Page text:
Crowdfunding is the name given to a method of raising finance by businesses where generally small sums of money given by a large number of people in return for a benefit - a t-shirt, website membership, a copy of a book or even just a credit on a website dedicated to the project.
Historically, crowdfunding was not a means of raising equity and was outside financial services protection laws in most countries.
However, the concept has been adopted (some may say "hijacked" by so-called "equity crowdfunding" which blurs the lines between investing and giving.
The traditional crowdfunding market has seen a tremendous upsurge in what amount to nothing more than begging letters seeking help with paying for anything from medical bills to holidays. Some crowdfunding sites are packed with such "projects" while others make a point of excluding them and focusing entirely on business projects.
"Equity crowdfunding" is often not crowdfunding at all: it is a platform that takes away the mystique of dealing with venture capitalists and angel investors, does not require complex information at the pitch stage and therefore lowers the barriers to entry to Angels and VCs that have traditionally been the case. It's more like TV's "The Voice" than investment banking, at least in the initial stages. But it's still raising equity, investors want a say in the company and how it is run and its ultimate goals including IPO.
Part two of a look at the "new" source of finance for business and the approach of regulators.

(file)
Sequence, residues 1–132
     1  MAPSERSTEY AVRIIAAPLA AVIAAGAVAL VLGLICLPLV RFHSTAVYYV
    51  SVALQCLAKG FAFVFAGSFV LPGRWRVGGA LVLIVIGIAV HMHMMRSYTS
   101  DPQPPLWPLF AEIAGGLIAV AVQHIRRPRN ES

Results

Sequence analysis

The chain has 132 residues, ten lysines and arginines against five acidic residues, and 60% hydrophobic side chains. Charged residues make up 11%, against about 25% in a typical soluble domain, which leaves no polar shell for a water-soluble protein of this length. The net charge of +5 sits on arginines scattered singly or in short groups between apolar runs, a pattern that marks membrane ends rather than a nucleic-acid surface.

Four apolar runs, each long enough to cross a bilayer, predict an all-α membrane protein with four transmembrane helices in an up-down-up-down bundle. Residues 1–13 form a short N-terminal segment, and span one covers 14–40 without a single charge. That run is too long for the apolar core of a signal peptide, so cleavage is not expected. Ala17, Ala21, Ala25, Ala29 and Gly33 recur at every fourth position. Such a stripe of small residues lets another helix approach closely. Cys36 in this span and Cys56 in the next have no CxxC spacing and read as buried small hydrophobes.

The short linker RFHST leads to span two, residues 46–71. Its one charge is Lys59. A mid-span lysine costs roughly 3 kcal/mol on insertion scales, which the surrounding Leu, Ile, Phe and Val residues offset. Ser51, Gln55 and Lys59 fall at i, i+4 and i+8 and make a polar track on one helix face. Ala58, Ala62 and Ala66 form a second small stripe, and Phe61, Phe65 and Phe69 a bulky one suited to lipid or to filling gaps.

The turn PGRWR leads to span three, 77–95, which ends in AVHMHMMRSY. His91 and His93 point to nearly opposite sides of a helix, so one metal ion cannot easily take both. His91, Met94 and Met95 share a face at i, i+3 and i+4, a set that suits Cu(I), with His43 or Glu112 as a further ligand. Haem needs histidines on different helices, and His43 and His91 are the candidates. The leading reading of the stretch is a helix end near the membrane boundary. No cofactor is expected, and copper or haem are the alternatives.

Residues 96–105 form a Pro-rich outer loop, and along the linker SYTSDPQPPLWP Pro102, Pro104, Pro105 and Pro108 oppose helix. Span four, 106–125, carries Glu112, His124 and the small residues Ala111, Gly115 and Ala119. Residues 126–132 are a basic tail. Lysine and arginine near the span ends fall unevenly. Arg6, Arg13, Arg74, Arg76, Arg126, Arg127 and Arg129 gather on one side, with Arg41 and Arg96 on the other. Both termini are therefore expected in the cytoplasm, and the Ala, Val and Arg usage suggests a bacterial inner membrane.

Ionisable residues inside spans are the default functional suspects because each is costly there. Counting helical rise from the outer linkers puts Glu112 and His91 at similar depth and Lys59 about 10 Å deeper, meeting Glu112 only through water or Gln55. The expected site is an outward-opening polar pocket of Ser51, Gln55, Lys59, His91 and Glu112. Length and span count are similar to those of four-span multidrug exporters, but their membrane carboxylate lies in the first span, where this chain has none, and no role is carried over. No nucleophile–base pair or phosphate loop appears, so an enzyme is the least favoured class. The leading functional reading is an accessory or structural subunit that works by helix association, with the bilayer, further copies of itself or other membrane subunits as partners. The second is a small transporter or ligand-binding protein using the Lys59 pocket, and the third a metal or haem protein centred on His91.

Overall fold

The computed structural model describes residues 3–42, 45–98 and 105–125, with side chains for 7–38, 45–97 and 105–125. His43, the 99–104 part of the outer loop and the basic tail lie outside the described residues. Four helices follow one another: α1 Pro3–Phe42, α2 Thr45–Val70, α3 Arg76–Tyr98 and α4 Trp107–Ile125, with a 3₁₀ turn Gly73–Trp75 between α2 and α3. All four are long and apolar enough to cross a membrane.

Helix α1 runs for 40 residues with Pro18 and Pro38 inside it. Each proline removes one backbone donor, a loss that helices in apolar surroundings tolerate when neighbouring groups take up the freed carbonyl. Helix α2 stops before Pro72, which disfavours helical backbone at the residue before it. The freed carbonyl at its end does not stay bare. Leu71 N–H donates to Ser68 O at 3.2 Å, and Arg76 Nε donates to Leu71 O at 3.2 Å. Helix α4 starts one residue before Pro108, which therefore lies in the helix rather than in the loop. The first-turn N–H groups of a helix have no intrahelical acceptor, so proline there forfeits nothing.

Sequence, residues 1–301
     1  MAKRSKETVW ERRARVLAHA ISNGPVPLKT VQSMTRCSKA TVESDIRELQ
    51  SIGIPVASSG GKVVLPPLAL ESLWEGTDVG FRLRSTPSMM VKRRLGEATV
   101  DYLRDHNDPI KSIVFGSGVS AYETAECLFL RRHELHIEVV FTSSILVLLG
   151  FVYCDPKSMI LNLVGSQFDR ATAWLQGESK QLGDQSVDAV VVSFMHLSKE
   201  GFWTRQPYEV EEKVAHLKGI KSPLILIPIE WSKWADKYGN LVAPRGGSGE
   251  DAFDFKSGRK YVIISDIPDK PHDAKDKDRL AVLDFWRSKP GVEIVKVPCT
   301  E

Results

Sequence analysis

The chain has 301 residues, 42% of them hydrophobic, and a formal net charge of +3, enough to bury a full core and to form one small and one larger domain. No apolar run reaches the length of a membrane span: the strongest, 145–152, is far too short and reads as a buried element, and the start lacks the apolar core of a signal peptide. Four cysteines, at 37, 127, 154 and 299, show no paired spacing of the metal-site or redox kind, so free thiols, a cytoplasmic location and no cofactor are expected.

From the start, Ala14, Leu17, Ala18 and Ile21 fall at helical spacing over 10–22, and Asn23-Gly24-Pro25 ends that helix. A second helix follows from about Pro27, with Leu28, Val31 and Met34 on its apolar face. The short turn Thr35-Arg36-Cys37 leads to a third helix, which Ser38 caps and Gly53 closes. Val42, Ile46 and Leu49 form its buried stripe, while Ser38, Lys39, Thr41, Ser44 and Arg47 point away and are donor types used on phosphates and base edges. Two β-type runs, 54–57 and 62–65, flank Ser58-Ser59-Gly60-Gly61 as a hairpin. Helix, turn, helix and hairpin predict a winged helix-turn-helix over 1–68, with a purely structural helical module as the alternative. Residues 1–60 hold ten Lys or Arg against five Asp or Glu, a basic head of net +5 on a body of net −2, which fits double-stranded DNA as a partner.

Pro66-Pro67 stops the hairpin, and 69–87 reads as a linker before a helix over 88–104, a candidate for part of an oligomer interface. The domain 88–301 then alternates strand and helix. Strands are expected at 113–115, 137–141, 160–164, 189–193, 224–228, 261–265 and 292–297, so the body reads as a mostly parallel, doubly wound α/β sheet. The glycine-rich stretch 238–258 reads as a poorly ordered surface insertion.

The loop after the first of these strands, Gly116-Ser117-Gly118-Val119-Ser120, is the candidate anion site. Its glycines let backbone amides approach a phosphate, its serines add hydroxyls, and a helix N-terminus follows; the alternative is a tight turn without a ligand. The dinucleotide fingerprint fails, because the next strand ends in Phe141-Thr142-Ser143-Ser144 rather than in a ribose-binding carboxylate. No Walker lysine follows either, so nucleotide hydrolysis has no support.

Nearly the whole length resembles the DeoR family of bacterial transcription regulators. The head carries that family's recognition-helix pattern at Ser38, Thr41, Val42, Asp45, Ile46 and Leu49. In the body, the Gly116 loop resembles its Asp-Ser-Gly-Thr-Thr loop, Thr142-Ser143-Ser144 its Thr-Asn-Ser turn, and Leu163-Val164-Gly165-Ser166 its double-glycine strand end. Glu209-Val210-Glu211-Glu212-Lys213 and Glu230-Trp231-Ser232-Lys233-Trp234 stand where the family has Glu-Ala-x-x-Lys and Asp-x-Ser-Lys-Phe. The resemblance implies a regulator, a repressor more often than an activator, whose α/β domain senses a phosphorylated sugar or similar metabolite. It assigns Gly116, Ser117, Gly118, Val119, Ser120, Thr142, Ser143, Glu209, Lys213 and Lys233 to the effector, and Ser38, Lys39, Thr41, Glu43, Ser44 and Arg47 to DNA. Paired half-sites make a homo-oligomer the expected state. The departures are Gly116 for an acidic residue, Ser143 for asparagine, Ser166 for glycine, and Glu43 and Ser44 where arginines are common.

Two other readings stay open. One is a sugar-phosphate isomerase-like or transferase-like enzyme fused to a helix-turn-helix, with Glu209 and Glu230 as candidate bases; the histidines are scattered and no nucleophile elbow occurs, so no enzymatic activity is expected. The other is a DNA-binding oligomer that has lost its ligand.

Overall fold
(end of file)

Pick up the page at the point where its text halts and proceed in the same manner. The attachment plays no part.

"Crowdfunding." It's one of those terms that seems like it was just waiting to be coined. And with the focus on "the cloud," anything that sounds a bit like it (even if it's almost as if it's been mispronounced) sounds new and exciting. So, what is "crowdfunding," is it viable, legal and, maybe most importantly of all, regulated?
Australia's financial regulator, ASIC, has issue guidance on crowd funding. It admits that, in general, it is not regulated by ASIC.
Tim Stange's parents had moved from one country to another. When he and a cousin spent last summer together, the idea of developing a website to provide a wide range of information and assistance to those moving. All he needed was the money to develop and market it. So he turned to crowdfunding.
Vortex Centrum Ltd, the UK publisher, has today added "CrowdFundingNewsNetwork.Com to its growing roster of specialist financial services titles.